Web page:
There's the "This Place is Going to the Dogs" cliché. Given the tough circumstances, all logic dictates that Mexican dogs shouldn't survive and populate. But there somehow manage to be hundreds of them in your average small town. They outnumber the human population in some areas, running around the streets in motley little packs, chasing each other and shiny cars and -- ahem -- iPod-clad gringas jogging in the street. At any given moment, I'm surrounded by dogs. There's at least two or three that hang out in my apartment complex. There's the gang of 'em that keeps turf near the grocery store. There's dogs in parking lots. There's dogs on beaches.

I've been in Mexico for so long that I've somehow stopped noticing the fact that dogs are everywhere. I sent my family some pictures of my recent beach trip. Instead of commenting on the deep blue Pacific and the pretty orange sunsets, their feedback was, "What's up with all the dogs?" I looked back at the pictures, noticing that there was a different pooch in almost every shot. The tan one that belongs to a friend. The white one that was his (the tan one's) weekend "fling." The big black one that followed me around for three days after I fed her cold oatmeal one morning. The little black one that hung around our campsite. The crazy-looking mixed one that went swimming with us in the river. Pinches perros.

Dogs are part of the landscape here, like cacti and Corona billboards and ancient Vokswagen Bugs. Hell, there are even dogs in churches. True story, people. Check my pictures.

Where's Bob Barker when you need him?

Friday, May 15, 2009

Excuses, Excuses, Excuses...

It’s been a while since I’ve blogged. And it’s not because I’ve been laid up in a hospital somewhere with the swine flu, contrary to what the media might have you believe. Nope, I’m actually quite healthy and H1N1-free, thankyouverymuch.

My excuse for the nearly-three-week hiatus since my last post does have to do with the flu, though. Or rather, the fabulous -- albeit surprise -- 10-day vacation we teachers got after the Mexican government closed all schools in response to the virus. My excuse has to do with the camping trip that I took down to the Oaxacan coast during those “flu” days. (I simply HAD to get out of Huajuapan. The panic in the eyes of the face mask-clad locals in the street, coupled with the oh-my-God-this-is-unbelievable-we’re-all-gonna-die news reports would be enough to bring anyone to hysterics.)

But really, I’m going to blame the delayed post on the topes. Yup, that's my excuse. Topes.

Avid GringaCulichi readers will realize that this is not the first time that topes (speed bumps, a.k.a reductores, as pictured above) have been the bane of my existence. Nor will it be the last. But I digress…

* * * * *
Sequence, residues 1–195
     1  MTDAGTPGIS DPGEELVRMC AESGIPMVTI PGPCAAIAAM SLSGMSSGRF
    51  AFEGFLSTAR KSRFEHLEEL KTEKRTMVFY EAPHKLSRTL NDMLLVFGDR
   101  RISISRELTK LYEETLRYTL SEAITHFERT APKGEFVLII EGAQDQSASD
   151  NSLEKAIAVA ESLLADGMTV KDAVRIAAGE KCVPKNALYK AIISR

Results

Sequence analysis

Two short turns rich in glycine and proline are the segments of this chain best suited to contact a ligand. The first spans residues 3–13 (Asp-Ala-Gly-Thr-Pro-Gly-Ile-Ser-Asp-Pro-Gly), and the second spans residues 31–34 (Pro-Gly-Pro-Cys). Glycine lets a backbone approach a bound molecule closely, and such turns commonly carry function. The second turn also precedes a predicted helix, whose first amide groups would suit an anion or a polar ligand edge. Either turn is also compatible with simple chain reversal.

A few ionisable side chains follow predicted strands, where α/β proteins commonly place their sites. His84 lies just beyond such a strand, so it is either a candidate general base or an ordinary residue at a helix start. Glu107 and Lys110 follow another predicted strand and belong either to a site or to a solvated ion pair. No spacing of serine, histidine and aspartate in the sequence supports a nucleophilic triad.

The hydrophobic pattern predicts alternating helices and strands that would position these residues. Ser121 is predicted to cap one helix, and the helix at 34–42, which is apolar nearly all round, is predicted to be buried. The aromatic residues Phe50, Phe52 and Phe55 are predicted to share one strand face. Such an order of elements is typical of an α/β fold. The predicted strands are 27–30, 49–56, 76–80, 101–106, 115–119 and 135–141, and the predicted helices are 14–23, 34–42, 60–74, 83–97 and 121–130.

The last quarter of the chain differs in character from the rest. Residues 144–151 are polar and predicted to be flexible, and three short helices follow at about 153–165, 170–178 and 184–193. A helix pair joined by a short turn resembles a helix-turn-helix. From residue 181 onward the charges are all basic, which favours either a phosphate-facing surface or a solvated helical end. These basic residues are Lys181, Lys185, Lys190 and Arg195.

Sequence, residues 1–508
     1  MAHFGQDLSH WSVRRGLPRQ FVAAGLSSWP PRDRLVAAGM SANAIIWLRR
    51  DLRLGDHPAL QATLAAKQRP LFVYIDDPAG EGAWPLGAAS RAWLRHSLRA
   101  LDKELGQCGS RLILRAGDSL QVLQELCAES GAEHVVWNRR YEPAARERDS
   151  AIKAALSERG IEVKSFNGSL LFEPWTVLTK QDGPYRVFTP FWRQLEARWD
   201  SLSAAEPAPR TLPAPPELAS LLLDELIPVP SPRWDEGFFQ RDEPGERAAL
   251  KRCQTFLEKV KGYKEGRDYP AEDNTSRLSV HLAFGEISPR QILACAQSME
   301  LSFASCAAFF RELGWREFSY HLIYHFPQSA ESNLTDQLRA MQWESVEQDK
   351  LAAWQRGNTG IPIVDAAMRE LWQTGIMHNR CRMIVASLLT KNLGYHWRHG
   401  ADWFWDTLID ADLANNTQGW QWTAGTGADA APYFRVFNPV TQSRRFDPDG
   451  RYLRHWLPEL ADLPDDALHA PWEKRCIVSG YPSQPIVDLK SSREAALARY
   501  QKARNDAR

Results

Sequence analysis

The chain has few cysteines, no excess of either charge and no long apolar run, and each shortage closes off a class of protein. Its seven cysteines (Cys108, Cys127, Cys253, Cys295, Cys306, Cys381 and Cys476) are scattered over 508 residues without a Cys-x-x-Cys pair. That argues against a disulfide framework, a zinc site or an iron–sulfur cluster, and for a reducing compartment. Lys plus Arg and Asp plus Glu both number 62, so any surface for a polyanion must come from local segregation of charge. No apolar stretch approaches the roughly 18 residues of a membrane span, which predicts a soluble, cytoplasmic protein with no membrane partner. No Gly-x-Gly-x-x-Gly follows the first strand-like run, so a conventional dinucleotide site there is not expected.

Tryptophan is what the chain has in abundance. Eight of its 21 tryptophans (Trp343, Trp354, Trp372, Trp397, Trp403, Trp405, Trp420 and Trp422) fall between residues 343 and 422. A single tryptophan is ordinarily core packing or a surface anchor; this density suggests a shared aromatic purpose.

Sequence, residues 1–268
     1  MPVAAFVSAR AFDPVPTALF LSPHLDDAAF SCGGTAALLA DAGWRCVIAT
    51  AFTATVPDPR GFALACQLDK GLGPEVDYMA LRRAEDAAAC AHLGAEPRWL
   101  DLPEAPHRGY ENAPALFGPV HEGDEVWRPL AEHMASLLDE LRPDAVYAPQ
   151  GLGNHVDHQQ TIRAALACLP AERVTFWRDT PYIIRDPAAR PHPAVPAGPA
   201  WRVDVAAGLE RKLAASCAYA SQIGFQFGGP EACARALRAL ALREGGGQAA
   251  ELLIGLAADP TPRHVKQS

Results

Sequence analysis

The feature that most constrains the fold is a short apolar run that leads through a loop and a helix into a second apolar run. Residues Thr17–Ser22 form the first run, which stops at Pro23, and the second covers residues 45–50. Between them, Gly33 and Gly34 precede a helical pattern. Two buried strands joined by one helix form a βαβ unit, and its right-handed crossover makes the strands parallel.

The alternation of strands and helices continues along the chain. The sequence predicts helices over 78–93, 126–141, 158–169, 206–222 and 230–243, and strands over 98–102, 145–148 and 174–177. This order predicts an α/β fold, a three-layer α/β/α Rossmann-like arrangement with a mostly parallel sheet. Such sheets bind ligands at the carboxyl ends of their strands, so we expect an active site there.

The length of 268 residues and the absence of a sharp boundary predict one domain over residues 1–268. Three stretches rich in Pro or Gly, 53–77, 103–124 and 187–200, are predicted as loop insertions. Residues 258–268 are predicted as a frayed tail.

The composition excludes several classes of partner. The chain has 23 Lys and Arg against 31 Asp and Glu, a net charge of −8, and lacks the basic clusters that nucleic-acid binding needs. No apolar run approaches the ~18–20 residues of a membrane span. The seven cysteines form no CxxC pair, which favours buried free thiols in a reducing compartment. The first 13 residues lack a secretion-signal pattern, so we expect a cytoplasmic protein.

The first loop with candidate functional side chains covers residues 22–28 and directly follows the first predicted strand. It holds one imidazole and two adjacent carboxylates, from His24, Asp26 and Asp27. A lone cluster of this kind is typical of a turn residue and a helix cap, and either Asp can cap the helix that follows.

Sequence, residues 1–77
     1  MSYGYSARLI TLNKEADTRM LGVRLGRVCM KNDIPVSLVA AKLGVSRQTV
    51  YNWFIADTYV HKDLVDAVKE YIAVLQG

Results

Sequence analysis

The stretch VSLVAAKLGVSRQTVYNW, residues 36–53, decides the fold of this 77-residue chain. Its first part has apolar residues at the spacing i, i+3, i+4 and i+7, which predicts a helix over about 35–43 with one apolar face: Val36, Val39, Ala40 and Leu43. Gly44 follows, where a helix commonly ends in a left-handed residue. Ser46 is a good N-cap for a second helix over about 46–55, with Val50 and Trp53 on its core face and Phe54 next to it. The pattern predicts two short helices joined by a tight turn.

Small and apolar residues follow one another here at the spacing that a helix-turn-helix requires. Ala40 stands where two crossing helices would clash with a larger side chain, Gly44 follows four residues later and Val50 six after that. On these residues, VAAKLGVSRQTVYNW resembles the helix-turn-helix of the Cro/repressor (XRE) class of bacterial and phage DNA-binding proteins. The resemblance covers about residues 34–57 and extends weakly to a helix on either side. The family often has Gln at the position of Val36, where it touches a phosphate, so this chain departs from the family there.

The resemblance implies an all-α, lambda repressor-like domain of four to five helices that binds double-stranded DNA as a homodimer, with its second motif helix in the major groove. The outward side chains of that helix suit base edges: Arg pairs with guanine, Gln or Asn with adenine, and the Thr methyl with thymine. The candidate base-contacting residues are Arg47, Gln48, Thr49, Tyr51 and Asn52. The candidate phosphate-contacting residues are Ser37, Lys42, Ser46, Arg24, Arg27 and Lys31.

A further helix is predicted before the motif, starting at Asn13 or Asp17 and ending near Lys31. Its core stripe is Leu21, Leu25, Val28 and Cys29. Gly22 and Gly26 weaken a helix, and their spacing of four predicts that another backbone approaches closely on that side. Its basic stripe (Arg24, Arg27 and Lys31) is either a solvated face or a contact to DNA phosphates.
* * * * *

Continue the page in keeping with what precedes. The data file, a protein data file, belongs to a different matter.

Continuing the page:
There is about 500 kilometers (300 miles) highway between Huajuapan and the Pacific coast. Back where I come from, the drive should take about 4.5 hours, assuming you’re cruising the highway at a not-likely-to-get-you-pulled-over speed of 70 mph.

But here in Oaxaca, that 300 miles of highway (that's winding, mountainous highway, mind you) is riddled with topes. And when you’re riding in a car weighed down with two Mexicans, two gringas, a small dog, two tents, lawn chairs, an umbrella, a cooler, a grill, charcoal, enough food for four days, enough booze for four weeks, and assorted trashy paperback novels for beach reading, those topes are darn hard to drive over. The bottom of your car hits the cement and makes an awful scraping sound.

So, all passengers (including the dog, sometimes) had to get out of the car and walk at every tope -- every single PINCHE tope -- while the driver creeped across. I lost count of the number of topes we crossed somewhere after about 114. So, what should’ve been a 5-hour journey, tops, actually took us about 12. Boo.

But we didn’t mind. We were on a surprise vacation, man! We were on a road trip, man! And despite government-issued public service announcements to avoid all contact with the outside word for fear of the deadly flu virus, we were going to the beach, man!

(Out of respect for the international health emergency, we did, however, choose as our destination Las Lagunas de Chacahua, a semi-virgin bit of paradise where a fresh-water lagoon meets the salt-water Pacific. The way we justified it, no people = no germs = no flu virus.)

After 10 hours in the car, we pulled off the tope-ridden highway onto a palm tree-lined dirt road that would take us to the beach (see above). The air was salty. The sky was cloud-free. We were almost there!

But the road was rough. Our average cruising speed was about 15 kmph. (No lies. Check the picture, folks.) That last bit of road – the only thing standing between us and reading trashy paperbacks on the Pacific coast – took an agonizing two hours.

But we got there. We drank our four weeks’ worth of booze in four days. We read trashy paperback novels. We soaked up the sun. And we didn’t hear anything about the damn pig flu, save for a static-filled nightly news report brought to us courtesy of the aluminum-foil-clad antenna of our Chacahuaqueña host’s television. (We were camping under a palapa just outside of her kitchen.)

Despite the fact that we ate all the food and drank all the booze and that I mysteriously managed to lose not only my swimsuit but also one of the trashy paperbacks – despite the fact that our car should have been much lighter on the return trip – it still took us 10 hours to get back to Huajuapan.

So that’s my excuse for the delayed post, folks. I’ve been recovering from tope trouble. I haven’t had time to write. So, please accept my apologies from swine flu-ridden Mexico. As you can see from the envy-inducing sunset and beer-enjoying pictures (Indio should pay us royalties for the latter) above, we’re suffering a lot down here. Special thanks goes to everyone who panicked and cancelled their beach trips and freed up the sand and surf for us in Chacahua!